These are some of the before shots - 

The red wall in the lounge room.  Just painted on the ceiling and left it there.  The roof doesn't give the full idea as it was a kind of yellow orange.

The opposite side of the lounge room - this one kind of 70's faux wood panelling.  Took me a long time to realise all the walls had the same texture "panelling" but were just painted different colours - the two ends are both white here.

So you can just about see the painted over light switch here. Just brushed right over. Turns over that was a type of vinyl paint - which had to be peeled off with the help of paint stripper before we could paint over.  Oh and great dark brown door frames.
 
This one shows a bit better the yellow roof.  And more of the dark brown trimmings.  Including cornices, which was just quad.

This is the dining room.  Not sure what was going on with the random yellow/brown paint.  

The spare bedroom.  Okay this was once I'd started painting the wall, it wasn't striped before.  But it was yellow.

The master bedroom - which is actually still the same.  We never did get to paint there (well, not yet).  I thought the crazy colour scheme was kind of cool at first - bit over it now.  So that is grey ceiling in the main arch, white on one end, pale kind of mint green over the balcony, and dark green on the other end and over the ensuite. 

This is the opposite wall of the main bedroom.  And that (although possibly a bit hard to see) is the three quarter brown/quarter green light switch.  At least it is white now, even if the wall is still green.

And after our extensive paint job - here are some of the after shots


The lounge room - white ceiling, white cornices and all the same colour on the walls.  So much nicer!
Slightly patchy ceiling - but this was after four coats and we were over it.

Check it out - white light switches! (installed by our electrician, not a magical paint job) That isn't patchy paint colour on the wall, it's the reflection of light from our new chandelier.

So I hope you agree that it is much better!  The colour we used was Taubman's Twill - a light grey although it seems much bluer than I expected.  Could be that the outside bright blue exterior paint reflects in.

I'm sure that anyone who has ever decided to paint a room has probably sworn never to do it again.  I got out of it a bit by enlisting my brother to paint the ceilings - which he did (not exactly without complaints but with not too much issue) and also dragging in my mum, dad, niece and my husband as well.  But it is a long job, and the prep work is the worst.  Some of our efforts still need a bit of fixing.  We have painted that main arch white now, but the other doorways are still waiting.  

A couple of suggestions I would make to anyone who wants to paint - especially a whole house - 

1.  Undercoat.  We didn't bother with the first ceiling, and regretted it almost immediately when we needed to put 4 coats of ceiling white on, and it was still patchy.  I thought it was saving money not bothering but I think in the end you just buy more of the other paint.  The other rooms turned out much better with the undercoat.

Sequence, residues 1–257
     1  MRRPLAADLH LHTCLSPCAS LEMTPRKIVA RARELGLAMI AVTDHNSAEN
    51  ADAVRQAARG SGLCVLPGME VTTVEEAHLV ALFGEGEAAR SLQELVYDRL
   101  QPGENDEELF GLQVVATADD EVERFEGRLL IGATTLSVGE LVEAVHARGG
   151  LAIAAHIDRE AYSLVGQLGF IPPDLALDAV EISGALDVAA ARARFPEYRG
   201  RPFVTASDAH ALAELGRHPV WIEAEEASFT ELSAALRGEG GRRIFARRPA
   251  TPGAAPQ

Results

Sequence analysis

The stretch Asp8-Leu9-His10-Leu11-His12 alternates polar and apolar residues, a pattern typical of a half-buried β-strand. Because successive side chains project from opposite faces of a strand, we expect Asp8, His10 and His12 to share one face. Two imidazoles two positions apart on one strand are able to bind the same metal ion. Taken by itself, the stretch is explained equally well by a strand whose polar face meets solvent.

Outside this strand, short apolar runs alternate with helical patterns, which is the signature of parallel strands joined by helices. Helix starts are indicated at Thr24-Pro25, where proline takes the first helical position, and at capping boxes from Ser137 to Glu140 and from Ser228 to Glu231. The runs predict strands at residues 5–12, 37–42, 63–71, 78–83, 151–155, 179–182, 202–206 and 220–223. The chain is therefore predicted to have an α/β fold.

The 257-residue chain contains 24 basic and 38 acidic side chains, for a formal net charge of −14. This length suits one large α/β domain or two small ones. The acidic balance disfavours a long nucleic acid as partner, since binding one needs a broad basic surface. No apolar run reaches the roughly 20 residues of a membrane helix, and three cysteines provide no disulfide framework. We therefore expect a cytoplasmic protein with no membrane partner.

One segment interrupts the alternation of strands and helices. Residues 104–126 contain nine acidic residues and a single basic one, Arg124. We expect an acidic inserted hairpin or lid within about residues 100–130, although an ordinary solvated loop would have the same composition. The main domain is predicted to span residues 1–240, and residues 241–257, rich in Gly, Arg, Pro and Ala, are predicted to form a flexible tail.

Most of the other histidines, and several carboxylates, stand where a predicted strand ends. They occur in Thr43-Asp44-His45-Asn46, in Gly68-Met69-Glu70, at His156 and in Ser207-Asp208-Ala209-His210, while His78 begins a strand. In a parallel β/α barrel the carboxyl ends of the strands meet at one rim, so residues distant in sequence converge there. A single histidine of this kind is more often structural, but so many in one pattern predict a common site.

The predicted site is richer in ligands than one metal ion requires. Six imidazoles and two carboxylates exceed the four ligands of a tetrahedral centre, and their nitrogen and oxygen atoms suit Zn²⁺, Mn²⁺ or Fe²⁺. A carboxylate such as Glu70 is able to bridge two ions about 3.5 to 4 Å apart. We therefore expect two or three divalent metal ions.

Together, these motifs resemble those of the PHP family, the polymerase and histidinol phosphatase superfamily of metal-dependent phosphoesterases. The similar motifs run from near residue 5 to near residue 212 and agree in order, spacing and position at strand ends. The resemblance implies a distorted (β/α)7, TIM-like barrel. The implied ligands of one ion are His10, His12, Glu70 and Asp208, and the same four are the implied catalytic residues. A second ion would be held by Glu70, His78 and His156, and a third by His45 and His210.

2.  Buy good quality roller covers and an extension handle.  I didn't realise until later in the painting job that there are different types of material (with different thickness of nap) for different types of paint (semi gloss, gloss etc) and even differences between the same fabrics.  Again, my earlier purchases were cheaper but you get what you pay for.  That said I don't think you need to buy super expensive ones, but just a bit better quality.

3.  Prep, prep, prep.  It's boring and it's hard but the more you sand and smooth and clean up the walls before you paint the better it looks.  As the time wore on we got a bit more lax with the prep and again, those are the walls I now look at and think we need to redo.

4.  Clean up your brushes and roller covers straight away.  This might sound really obvious and stupid but after a long day painting and then going home to where we were renting the last thing I ever felt like was cleaning up the brushes and equipment.  But even if I "put them in to soak" if there were any bits sticking out that dried, the rollers were ruined.  We ended up throwing out a few brushes and roller covers because the paint dried and just could never come out.  So clean them up unless you have unlimited funds for new equipment (and don't care at all about waste and the environment!)

In terms of costs - painting is at least reasonably inexpensive.   It does still add up though by the time you buy the brushes, roller covers, masking tape, sand paper, paint scraper (also handy for smoothing out the walls) and the paint itself.  To be really honest I don't recall how much paint we went through.  At least 12L ceiling white, 8L undercoat, and 20L plus of the colour.  A 10L tin of Taubman's Endure is around $160 or so.

And just because I really like this song - 


Saturday, 17 January 2015

Reality (TV) Check